Fishing is encouraged in the ponds at the conservation area. Only children under 18 and seniors over 65 are allowed to keep trout, in their season. All other people must practice catch and release or contribute their catch to the possession limit of the child or senior. Trout season runs from the fourth Saturday in April until September 30th. Bass fishing is allowed during the season which runs from the fourth Saturday in June until November 30th. All bass fishing is catch and release. There are nine fishing piers plus the boat launch located around the two ponds. Scattered in the branches around the fishing piers are the lost bobbers and lures that tell a story of fishing for trees.
The Autumn Meadowhawk is one of the later flying species of dragonflies. The were formerly known as Yellow-legged Meadowhawks because they have yellow legs to go along with their red abdomens. They are found along the edges of ponds in October and November. This specimen was sunning itself on one of the boardwalks along the Kidd Pond.
The river grape, or vitis riparia, are growing in great abundance along the trail. The grapes are particularly hardy and have been known to withstand winter temperatures of -57 Celcius. They are also resistant to mildew and black rot which makes them of interest to domestic grape producers. For over 100 years the genes of vitis riparia have been used to breed cold and fungal resistance into cultivated grape species.
The hoof of a horse is made of a material which is similar to a human toenail. Although thicker and harder than the human counterpart it is prone to wear and damage in working animals. Records from ancient Asia suggest that feet were wrapped in rawhide while the Romans had a type of hoof boot that they strapped on. The idea of nailing a protective shoe to the hoof came around 900 AD. Within 100 years it was common for a shoe with 6 nail holes to be used. Iron was still a scarce commodity and so in the 11th to 13th centuries it was possible to pay your taxes with horseshoes. Someone had been around the trails very recently and there were examples of horseshoe prints where you can see some of the nail holes.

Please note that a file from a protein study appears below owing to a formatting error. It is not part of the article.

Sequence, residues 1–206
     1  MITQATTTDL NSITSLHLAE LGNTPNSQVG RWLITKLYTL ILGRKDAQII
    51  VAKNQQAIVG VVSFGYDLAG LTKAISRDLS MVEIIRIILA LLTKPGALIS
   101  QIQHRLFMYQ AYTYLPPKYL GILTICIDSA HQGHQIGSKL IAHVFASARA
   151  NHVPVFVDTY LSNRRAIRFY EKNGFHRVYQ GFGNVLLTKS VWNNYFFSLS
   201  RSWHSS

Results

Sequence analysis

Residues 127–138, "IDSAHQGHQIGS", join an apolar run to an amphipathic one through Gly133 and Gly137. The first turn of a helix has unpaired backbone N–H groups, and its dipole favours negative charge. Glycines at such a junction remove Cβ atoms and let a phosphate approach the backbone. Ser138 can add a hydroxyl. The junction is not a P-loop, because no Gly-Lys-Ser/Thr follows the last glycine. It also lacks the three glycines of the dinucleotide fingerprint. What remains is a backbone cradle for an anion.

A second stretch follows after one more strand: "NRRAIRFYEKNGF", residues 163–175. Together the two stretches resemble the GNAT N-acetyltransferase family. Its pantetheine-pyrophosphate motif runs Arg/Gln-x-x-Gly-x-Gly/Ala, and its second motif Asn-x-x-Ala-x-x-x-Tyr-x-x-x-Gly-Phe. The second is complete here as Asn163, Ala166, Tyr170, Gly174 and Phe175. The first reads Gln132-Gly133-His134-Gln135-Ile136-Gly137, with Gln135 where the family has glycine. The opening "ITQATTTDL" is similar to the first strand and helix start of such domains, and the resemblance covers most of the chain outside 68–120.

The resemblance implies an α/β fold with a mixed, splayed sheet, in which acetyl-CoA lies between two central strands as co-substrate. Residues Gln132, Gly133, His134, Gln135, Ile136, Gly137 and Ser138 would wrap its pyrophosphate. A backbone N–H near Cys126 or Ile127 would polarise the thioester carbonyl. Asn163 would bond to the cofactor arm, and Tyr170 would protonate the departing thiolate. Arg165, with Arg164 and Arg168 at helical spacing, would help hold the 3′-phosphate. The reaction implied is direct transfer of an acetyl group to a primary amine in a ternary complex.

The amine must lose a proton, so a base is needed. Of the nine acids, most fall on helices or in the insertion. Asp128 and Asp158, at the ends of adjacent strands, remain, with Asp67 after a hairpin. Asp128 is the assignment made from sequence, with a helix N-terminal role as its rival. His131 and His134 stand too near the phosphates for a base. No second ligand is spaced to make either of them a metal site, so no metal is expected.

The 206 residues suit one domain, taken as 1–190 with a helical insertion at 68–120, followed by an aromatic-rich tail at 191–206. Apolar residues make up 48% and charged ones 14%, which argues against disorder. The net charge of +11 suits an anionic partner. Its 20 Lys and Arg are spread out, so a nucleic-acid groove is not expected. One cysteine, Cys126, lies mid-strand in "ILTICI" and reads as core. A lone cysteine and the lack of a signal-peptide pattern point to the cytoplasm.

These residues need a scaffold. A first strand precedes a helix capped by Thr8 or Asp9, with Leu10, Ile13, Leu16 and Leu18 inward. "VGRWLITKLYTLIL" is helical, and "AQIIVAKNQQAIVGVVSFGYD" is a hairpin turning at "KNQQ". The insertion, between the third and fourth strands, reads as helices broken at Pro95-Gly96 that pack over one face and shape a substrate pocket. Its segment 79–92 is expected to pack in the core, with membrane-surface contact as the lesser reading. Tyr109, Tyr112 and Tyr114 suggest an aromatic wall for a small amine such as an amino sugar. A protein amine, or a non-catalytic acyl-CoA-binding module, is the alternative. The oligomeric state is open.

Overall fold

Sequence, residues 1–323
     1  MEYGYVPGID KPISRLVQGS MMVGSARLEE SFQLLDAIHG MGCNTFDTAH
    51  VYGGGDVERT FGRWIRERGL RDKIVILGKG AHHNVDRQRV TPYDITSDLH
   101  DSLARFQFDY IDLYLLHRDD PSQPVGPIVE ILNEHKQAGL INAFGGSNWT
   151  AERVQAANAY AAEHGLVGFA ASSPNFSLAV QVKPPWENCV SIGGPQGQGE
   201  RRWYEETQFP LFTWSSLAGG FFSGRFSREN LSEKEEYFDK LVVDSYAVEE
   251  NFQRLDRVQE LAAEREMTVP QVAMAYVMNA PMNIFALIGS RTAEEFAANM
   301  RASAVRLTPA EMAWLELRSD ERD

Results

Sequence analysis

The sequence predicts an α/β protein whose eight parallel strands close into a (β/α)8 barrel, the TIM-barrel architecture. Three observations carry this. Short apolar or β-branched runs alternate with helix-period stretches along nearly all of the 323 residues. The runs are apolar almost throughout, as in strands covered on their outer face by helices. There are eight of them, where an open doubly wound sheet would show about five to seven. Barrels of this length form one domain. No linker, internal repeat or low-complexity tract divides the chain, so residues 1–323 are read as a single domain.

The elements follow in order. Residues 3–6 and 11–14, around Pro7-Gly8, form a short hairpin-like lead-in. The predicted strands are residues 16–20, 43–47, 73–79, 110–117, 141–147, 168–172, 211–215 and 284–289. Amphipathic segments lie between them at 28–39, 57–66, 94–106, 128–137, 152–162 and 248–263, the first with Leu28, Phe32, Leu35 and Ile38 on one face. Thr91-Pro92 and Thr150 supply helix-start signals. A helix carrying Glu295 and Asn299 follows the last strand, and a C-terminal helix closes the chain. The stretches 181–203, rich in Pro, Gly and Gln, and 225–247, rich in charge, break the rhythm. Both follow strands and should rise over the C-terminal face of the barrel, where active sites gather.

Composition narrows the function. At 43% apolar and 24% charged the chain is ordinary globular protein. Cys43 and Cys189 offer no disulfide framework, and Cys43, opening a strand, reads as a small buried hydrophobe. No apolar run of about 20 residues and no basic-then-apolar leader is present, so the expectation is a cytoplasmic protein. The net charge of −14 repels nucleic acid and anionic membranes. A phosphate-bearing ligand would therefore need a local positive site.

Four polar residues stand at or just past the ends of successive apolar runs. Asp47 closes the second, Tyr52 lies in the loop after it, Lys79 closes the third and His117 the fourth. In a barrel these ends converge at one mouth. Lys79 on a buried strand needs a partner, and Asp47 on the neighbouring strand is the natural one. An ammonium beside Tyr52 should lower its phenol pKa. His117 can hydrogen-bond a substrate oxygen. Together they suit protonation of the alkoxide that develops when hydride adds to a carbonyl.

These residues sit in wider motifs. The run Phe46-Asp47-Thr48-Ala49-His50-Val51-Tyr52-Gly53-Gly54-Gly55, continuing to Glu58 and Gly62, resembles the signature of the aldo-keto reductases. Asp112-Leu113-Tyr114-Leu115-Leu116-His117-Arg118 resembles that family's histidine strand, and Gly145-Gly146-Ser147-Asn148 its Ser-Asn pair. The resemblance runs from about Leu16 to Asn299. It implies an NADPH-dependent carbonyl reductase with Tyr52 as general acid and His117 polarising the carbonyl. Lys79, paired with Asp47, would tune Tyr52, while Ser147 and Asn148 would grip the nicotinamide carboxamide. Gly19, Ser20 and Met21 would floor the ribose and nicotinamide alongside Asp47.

The average dog produces about 340 grams of feces per day. We have a stoop and scoop program in place for dog owners so our trails don’t become unusable. A horse, on the other hand, produces over 22 kilograms of feces per day. Why is this allowed to remain on our trails? As a side note, horses are not allowed in the conservation area although they are welcome on The Caledon Trailway.
A small stream connects the two ponds on the western end and the trail continues to follow the shore of the Orchard Pond. When you pass through the remains of the old orchard you’ll know that you are near the end of your trek. From here the view back across the pond reveals the Niagara Escarpment and The Devil’s Pulpit at The Forks of The Credit.
Google Map link: Ken Whillans Resource Management Area